Travelling alone between boarding school and home can be a daunting prospect for your children – and you – especially if it’s abroad. But as AFF’s Regional Manager Overseas Esther Thomas discovered, many families see it as a positive experience…


1. Pre-flight nerves
Joanne, based in Italy, said: “The first time I waved goodbye to my girls was very emotional, especially watching them go through security until I couldn’t see them. They were much happier about it than I was.”

It was the same for mum Helena, living in Kenya, who admitted being very worried about her teenage children getting from Dover, across London, and flying by themselves: “Once I’d done a little research and talked to the school, I was relieved to book school transport to the airport at a reasonable cost, minimising the need for public transport connections.”

Liz in Canada soon quashed her initial concerns about her children’s two-hour taxi ride to the airport: “The drivers are DBS checked, and – as I know from tracking every mile on my mobile phone – they drive with the utmost care and even fulfil requests to stop at McDonalds,” she explained. “The only unpleasant surprise is the extortionate cost.”

Parents should be aware that anyone dropping off an unaccompanied minor (UNMIN) must wait until after the flight has departed, so you could be liable for a taxi driver’s time and the    parking fee.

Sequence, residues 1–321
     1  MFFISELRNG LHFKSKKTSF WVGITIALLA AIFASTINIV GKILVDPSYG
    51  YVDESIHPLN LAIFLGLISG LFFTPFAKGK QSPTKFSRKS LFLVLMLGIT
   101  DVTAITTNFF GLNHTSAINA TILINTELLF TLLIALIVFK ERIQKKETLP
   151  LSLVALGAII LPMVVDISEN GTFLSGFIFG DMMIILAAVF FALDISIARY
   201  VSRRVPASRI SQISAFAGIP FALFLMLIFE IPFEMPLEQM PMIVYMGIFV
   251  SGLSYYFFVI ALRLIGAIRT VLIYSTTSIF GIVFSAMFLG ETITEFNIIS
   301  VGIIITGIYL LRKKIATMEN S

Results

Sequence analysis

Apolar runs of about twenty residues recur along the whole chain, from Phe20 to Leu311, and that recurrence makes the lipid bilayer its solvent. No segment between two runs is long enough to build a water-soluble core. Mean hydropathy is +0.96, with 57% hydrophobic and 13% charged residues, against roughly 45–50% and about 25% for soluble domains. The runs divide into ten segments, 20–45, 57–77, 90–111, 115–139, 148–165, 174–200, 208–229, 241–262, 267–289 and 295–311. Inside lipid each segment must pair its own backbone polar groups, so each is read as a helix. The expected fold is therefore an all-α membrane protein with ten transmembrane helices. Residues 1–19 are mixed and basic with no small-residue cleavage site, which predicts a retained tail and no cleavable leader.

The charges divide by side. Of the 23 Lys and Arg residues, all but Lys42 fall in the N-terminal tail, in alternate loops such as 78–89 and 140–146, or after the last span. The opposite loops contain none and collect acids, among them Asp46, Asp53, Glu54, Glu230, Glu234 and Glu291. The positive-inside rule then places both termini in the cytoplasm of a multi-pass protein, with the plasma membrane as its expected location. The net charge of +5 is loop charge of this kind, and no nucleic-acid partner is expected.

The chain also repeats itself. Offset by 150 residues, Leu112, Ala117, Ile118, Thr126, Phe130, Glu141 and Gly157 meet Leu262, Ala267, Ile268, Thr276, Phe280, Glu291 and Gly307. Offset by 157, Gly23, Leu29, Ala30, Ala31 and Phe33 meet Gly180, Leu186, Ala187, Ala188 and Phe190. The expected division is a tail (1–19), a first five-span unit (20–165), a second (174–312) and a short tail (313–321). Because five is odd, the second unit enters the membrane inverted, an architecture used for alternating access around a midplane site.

Lynda in the USA added: “Getting the UNMIN paperwork sorted was a bit time-consuming, involving repeated calls to the airline.”

Top tips

  • Pick up spare UNMIN forms at drop off, send a signed one to school with your child for the return flight and keep a spare at home.
  • If your school doesn’t offer a drop-off service, consider asking friends/guardians to help with airport runs to keep costs down.

2. Check in
Luggage allowance is always a problem around exam time as youngsters have to bring back so much study material. Although unit travel cells can book extra bags (up to 8kg), children often find it difficult to distribute and manage the weight. Joanne in Italy recalled: “My girls had to purchase a new bag at Heathrow at great expense and repacked at the check-in desk, which was quite fraught.”

Damian (16) felt the pressure of looking after his younger sister on long journeys to begin with, but a year on he finds it much less daunting and even his sibling has stopped persistently checking for her passport or boarding pass. He said: “There are always airport staff around and I check my phone for flight info.”

Top tips

  • It might not look trendy, but it’s worth having a small wallet for all the paperwork.
  • Four-wheel suitcases make it easier for children to manage their luggage.
  • Invest in luggage scales to keep at school so they can weigh their bags beforehand.
  • Allow plenty of time for check-in to minimise stress.

3. Detours and delays
Many parents have expressed concerns about things not going to plan.

The key is to ensure that both you and your child are emotionally prepared. Talk through what would happen in advance and make sure they have means of contacting you and enough money.

Lynda obtains a code from the airline in advance, which she shares with her daughter and the school travel co-ordinator, so that either can sort out an issue.


4. In-flight experience
Jennifer (15) had such mixed feelings on her first journey that she was shaking and crying: “I was so excited to be going home but dreading the flight as I have a fear of flying and find it difficult to sleep.”